Tag Archives: lancelot

Apple and Walnut Nativities

I made three small nativities as Christmas gifts this year. The stables were made from a piece of apple log, as shown. It was a half of a log, with a strip cut off so that it would sit up on a table. These logs were originally cut with a chainsaw and had been drying in my garage for several years. I flattened them off and cut the bottom strips off with the bandsaw.

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This project (like all good projects!) required buying a new tool. I bought the Harbor Freight version of the Lancelot. It’s a chainsaw blade on a disk that you put on an angle grinder.

The lancelot is really fun to use. It cuts through wood like crazy, and with an angle grinder with the side handle you have good control over it too. It’s good scary fun.

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Here are two of the three hollowed out logs.

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After roughing out the stables with the lancelot, I used a hook knife to carve down the ridges and bumps, and then used sand paper up to 220 grit to smooth it out.

I created the figures for the nativity scene in three different ways, just to experiment. The first set I made on the lathe. I used a non-square board so that my final figures would be wider than they were thick.

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I made the Mary, Joseph and manger figures out of walnut. The baby Jesus was made from apple wood. I wanted to create a contrast between His parents and the holy infant.

Here’s one of the nativities before applying any finishing.

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The next set of figures I carved by hand with a knife. These took a very long time to carve. I’m not very experienced with carving yet and I should probably practice some more. Baby Jesus ended up with some funny lines across his face and body from the spalting or whatever the white lines are in the wood.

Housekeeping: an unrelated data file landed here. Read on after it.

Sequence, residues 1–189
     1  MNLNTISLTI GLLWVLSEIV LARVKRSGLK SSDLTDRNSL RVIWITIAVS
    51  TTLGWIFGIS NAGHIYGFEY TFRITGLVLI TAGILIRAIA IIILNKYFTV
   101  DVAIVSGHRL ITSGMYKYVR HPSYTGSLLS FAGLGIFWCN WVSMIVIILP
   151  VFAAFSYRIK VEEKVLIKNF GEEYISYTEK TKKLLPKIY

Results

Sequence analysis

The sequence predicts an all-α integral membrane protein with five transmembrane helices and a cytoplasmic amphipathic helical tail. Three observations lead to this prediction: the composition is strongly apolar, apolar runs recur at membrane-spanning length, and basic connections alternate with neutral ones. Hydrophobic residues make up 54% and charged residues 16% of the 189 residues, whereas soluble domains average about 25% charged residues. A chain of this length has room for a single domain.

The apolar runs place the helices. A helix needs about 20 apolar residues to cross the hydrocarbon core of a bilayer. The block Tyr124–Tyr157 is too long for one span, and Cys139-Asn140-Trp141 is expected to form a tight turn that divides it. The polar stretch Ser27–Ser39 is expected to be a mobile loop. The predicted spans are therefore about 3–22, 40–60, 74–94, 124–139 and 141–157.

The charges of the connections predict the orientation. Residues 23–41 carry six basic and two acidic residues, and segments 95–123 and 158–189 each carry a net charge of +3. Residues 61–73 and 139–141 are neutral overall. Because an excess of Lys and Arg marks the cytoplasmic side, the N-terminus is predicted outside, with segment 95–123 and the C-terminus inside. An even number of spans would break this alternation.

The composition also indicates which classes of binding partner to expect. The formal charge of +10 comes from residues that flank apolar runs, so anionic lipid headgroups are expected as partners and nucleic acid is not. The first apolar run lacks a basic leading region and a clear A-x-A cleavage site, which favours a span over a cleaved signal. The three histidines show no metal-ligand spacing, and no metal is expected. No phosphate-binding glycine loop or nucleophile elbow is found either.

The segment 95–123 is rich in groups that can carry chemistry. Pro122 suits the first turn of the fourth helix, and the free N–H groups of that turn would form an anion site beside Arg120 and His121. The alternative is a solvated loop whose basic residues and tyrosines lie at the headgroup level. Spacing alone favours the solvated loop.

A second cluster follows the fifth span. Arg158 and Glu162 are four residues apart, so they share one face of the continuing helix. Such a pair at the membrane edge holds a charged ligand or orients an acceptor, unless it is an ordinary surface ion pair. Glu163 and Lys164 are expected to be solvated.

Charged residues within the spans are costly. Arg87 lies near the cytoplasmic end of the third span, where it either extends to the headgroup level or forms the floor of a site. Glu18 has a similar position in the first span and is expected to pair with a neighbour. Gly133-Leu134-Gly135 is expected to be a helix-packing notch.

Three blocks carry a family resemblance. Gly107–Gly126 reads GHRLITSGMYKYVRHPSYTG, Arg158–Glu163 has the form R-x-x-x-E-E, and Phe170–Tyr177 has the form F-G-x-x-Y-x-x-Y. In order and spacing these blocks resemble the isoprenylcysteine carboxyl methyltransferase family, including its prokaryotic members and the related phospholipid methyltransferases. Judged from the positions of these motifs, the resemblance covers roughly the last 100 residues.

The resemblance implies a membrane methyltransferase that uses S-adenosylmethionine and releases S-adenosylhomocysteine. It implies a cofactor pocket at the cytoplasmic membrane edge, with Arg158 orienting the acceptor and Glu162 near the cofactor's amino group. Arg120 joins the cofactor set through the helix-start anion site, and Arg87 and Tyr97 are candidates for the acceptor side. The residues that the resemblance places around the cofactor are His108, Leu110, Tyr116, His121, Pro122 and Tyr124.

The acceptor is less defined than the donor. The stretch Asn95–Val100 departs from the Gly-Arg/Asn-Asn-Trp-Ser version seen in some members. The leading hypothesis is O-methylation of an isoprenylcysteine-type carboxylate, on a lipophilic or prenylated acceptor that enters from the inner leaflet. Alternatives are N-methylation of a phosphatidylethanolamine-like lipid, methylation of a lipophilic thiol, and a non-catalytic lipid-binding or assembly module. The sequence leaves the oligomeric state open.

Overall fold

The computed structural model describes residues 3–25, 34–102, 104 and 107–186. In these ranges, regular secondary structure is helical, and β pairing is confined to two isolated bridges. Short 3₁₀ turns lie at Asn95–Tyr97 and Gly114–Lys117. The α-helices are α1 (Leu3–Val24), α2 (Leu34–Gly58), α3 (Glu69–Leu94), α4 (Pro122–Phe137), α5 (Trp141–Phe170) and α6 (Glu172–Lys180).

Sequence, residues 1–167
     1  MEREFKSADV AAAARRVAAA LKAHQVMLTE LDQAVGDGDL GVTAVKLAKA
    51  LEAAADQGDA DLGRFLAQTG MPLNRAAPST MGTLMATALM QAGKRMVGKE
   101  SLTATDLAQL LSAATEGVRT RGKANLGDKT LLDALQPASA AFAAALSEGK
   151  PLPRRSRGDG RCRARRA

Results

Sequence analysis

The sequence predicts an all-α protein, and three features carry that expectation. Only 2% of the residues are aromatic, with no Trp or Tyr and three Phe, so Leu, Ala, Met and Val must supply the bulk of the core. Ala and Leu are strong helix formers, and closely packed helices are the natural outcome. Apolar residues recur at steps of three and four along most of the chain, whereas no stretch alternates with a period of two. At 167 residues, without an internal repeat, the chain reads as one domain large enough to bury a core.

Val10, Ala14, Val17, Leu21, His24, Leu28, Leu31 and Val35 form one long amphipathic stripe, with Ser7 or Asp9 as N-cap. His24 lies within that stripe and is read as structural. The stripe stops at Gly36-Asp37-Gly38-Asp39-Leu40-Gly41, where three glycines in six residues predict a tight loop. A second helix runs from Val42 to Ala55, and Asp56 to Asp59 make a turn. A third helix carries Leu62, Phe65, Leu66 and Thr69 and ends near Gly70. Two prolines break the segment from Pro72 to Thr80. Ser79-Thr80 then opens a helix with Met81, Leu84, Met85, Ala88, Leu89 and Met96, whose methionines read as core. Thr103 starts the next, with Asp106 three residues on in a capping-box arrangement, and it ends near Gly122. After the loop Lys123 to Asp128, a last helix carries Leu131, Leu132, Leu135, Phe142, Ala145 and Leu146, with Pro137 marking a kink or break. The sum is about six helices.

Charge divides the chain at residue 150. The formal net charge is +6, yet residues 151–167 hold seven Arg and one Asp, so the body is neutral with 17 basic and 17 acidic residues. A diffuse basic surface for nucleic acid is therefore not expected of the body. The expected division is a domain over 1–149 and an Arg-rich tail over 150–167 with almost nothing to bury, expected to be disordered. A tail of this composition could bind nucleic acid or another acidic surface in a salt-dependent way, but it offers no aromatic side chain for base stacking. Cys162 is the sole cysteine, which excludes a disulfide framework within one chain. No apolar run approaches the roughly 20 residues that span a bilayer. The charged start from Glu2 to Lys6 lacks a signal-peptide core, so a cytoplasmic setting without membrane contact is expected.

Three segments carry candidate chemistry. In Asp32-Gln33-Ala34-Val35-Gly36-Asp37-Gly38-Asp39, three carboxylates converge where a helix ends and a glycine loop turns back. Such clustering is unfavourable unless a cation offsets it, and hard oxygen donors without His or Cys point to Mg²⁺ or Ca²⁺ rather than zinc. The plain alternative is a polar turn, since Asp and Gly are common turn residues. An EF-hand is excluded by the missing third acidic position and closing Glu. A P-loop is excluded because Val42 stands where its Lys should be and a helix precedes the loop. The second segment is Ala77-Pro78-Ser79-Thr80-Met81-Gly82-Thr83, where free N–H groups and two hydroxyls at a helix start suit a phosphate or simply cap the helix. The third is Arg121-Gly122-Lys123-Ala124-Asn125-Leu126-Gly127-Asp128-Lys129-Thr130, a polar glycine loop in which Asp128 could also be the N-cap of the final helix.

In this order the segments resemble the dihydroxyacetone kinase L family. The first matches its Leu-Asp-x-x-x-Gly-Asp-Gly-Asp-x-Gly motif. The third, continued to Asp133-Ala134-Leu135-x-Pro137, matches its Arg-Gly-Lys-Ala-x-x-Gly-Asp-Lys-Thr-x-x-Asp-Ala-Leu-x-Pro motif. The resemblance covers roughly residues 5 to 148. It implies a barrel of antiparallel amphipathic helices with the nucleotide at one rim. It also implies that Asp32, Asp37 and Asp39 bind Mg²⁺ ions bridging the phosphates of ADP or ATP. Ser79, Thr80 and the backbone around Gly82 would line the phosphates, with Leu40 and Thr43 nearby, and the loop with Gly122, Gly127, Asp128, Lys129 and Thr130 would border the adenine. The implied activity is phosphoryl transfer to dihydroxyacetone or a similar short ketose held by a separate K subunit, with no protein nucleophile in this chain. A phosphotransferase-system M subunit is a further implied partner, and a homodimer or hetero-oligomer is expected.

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The third set of figures I carved with a dremel with a sanding drum. It was harder to get the exact shape I wanted, compared to hand carving, but it went so much faster.

I like how all three sets of figures turned out. I think the turned ones would be the most reproducible, the hand-carved ones are the most personal, and the dremel-carved ones were fastest.

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I finished two of the nativities with Watco Danish Oil and one with Bullseye Clear Shellac (brush applied, not spray), but only because I ran out of Danish Oil. After the shellac and Danish Oil dried I applied a liberal coat of paste wax and buffed them to a shine.

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